Mispriced Risk of Infectious Diseases
By Dambisa Moyo
Global business leaders and investors are largely transfixed by two kinds of risk: macroeconomic and geopolitical. In the near term, this means a focus on the US Federal Reserve's impending rate hikes and the upcoming elections in France and Germany.
Over the longer term, it means awareness of structural risks like high sovereign debt, demographic shifts, and natural-resource scarcity. But there is a third, arguably more pernicious, risk lurking below most decision-makers' radar: infectious diseases.
According to the former director of the US Centres for Disease Control and Prevention, Tom Frieden, the world is at greater risk than ever from global health threats. People travel farther and more often. Supply chains, including for food and medicines, extend across the world. A poorly treated case of, say, tuberculosis (TB) in Asia or Africa can present in a hospital in the United States within days.
Against this background, scientists are concerned about the recent uptick in epidemics of diseases such as Zika, Ebola, and avian flu. And they are alarmed by the resurgence of life-threatening diseases such as influenza, HIV, malaria, and TB.
To be sure, in terms of fatalities, recent disease outbreaks and pandemics are a far cry from past global flu epidemics. Whereas the 2003 SARS epidemic resulted in 774 deaths, and the Ebola outbreak of 2014-2015 left 11,310 dead, the 1918-1920 flu epidemics claimed the lives of 100 million people – more than five times the number killed in the world war that had just ended.
Indeed, some 5 per cent of the world's population perished.
But the risks from infectious diseases that we face today could intensify substantially, owing to the rise of anti-microbial resistance (AMR). According to the World Health Organization, "480,000 people develop multi-drug resistant TB each year, and drug resistance is starting to complicate the fight against HIV and malaria, as well." Antibiotic resistance, the WHO cautions, is now present in every country, putting patients at risk of worse clinical outcomes and at greater risk of death, while increasing the burden on health systems.
England's Chief Medical Officer, Sally Davies, has warned that, if left unchecked, the growing impotence of drugs could be catastrophic. By 2050, she estimates, drug-resistant infections could be killing someone "every three seconds." The Review on AMR estimates that, at that point, some ten million lives could be lost each year, at a cumulative cost to global economic output of $100 trillion. To put that into perspective, world GDP today totals $74 trillion per year.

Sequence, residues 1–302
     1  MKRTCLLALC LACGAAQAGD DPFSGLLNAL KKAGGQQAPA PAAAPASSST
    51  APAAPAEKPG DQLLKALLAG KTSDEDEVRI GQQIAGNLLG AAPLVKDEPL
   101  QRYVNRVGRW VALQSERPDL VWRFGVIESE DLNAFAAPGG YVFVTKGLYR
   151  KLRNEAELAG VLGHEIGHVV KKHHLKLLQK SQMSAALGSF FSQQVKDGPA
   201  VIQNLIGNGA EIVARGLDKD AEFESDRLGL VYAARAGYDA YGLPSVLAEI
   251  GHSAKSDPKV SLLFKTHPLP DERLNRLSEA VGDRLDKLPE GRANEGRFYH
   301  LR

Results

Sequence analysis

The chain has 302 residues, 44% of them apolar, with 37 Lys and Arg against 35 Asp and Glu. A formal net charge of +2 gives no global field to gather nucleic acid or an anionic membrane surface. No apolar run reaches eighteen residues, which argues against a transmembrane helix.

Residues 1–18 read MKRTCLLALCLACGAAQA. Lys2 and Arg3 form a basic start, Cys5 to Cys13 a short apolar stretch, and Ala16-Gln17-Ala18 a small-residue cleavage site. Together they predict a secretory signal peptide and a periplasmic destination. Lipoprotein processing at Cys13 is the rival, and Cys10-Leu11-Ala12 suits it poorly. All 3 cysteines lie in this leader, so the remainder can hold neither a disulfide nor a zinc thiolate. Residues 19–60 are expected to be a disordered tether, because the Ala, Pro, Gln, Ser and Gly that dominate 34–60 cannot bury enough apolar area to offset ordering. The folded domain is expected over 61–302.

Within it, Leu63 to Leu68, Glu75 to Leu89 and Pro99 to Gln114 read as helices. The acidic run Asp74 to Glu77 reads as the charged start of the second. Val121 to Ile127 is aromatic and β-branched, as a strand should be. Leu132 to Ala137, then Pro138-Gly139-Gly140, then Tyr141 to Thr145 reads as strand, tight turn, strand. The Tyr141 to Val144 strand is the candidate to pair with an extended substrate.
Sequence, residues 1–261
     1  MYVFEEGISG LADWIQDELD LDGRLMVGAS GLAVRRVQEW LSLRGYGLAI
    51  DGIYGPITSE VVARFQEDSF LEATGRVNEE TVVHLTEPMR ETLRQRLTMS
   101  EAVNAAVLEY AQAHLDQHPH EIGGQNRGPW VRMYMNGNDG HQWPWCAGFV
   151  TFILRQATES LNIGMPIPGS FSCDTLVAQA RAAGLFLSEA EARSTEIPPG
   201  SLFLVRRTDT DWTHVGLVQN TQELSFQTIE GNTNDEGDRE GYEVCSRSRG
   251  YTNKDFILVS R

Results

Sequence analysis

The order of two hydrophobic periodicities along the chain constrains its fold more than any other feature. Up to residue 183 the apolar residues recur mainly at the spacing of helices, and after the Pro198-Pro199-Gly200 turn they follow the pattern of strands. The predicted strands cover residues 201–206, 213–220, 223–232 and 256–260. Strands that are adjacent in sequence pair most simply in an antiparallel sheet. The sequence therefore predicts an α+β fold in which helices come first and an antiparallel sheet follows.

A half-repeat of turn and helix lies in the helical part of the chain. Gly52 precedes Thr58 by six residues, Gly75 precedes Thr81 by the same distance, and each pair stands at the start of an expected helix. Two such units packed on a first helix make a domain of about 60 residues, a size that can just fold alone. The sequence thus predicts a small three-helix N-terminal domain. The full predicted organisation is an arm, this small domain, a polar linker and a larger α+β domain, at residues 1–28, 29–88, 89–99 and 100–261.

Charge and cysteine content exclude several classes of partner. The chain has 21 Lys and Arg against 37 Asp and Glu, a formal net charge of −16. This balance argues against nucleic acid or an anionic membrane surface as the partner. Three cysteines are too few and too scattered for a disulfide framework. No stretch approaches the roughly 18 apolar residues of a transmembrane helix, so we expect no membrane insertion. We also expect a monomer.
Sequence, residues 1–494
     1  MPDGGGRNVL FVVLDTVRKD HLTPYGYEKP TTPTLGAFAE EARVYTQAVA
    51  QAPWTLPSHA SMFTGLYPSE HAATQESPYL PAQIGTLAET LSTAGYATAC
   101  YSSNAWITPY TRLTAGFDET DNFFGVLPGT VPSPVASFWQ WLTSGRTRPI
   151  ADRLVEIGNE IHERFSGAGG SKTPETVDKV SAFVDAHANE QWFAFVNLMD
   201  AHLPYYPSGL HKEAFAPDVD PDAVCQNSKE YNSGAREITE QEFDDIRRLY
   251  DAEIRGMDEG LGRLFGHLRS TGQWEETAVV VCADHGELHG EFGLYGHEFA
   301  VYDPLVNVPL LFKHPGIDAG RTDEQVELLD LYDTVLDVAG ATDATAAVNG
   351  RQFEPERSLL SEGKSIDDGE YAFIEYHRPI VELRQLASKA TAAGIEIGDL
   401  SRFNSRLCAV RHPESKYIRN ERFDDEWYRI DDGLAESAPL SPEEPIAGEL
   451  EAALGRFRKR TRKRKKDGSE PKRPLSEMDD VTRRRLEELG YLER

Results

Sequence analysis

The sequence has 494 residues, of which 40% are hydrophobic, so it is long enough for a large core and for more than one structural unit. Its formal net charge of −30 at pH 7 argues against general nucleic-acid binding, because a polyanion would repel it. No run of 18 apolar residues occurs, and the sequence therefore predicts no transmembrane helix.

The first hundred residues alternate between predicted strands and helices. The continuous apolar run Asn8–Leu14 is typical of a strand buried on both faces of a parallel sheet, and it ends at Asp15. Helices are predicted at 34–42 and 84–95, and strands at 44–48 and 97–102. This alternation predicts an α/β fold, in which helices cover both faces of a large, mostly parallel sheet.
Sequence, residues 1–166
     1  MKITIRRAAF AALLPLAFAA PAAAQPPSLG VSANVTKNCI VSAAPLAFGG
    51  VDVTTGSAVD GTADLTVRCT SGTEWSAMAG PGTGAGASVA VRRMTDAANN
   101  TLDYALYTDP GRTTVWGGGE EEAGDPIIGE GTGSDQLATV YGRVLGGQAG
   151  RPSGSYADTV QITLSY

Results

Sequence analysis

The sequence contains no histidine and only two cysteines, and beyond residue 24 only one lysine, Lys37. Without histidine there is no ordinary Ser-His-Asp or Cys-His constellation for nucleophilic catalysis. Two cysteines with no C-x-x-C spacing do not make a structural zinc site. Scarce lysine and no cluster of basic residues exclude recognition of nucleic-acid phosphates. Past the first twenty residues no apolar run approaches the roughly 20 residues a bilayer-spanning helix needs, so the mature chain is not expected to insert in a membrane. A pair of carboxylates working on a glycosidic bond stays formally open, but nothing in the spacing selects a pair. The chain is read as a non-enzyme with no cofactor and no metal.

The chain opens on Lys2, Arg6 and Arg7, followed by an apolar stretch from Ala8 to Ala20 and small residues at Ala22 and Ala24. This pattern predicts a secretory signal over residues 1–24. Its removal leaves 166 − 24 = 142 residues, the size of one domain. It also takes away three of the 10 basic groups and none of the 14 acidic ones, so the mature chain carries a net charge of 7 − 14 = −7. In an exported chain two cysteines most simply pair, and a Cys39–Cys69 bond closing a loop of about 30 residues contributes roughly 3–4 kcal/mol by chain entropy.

Yet the potential long-term human and economic consequences of AMR of are not widely appreciated by the public and, in particular, by financial markets. In fact, protection from public health threats is one vital area where markets do not deliver efficiently. As a result, it is governments that usually bear the costs of prevention and treatment.
With government budgets already overstretched, coping with the intensifying health burden from AMR will be difficult, to say the least. Yet governments are unlikely to move fast to mitigate this risk. On the contrary, experience indicates that governments often struggle to align public spending with underlying or mounting problems, such as public-health threats, until they reach a crisis point.
More people died of cancer in the US last year than in combat. In fact, last year's 580,000 cancer deaths exceed the roughly 430,000 battle deaths, on average, in World War I, World War II, the Korean War, the Vietnam War, and the Gulf War. Yet government spending on cancer averages approximately $4 billion per year. That is just over 0.5% of the annual military budget of roughly $718 billion.
Of course, government budget-allocation decisions are complicated and dogged by political imperatives. The US military employs some three million people, making it the single largest employer in the world, and there is substantial political pressure from some constituencies to place the highest priority on America's military dominance.
But it is not just a matter of how much is spent; it is also a matter of when. Governments don't wait for war to break out before investing in the military. Yet they do tend to wait for crises to erupt before they invest in fighting infectious diseases.
The world spent $15 billion on its emergency response to the SARS epidemic and $40 billion on its response to Ebola. In 1918, the crisis response to the flu pandemic cost some $17.5 trillion. Had countries spent more on mitigating the risk of such disease outbreaks – for example, by fortifying their health-care systems and promoting responsible use of antibiotics – those huge emergency payouts may not have been necessary. At the very least, they probably would have been smaller.
In this sense, the fight against infectious diseases closely resembles the fight against climate change. Though the threat is substantial, it is not immediate, so governments continue to pursue other priorities, allowing the threat to grow, largely out of sight. As a result, it is not adequately priced into the markets.
When the crisis finally erupts, the true scale of the threat will become clear. But by that point, it will be much more difficult and expensive to contain, resulting in far more casualties. Unfortunately, that point may be closer than anyone – government or investor – expects.
(Dambisa Moyo, an economist and author, sits on the board of directors of a number of global corporations. She is the author of Dead Aid, Winner Take All, and How the West Was Lost.)
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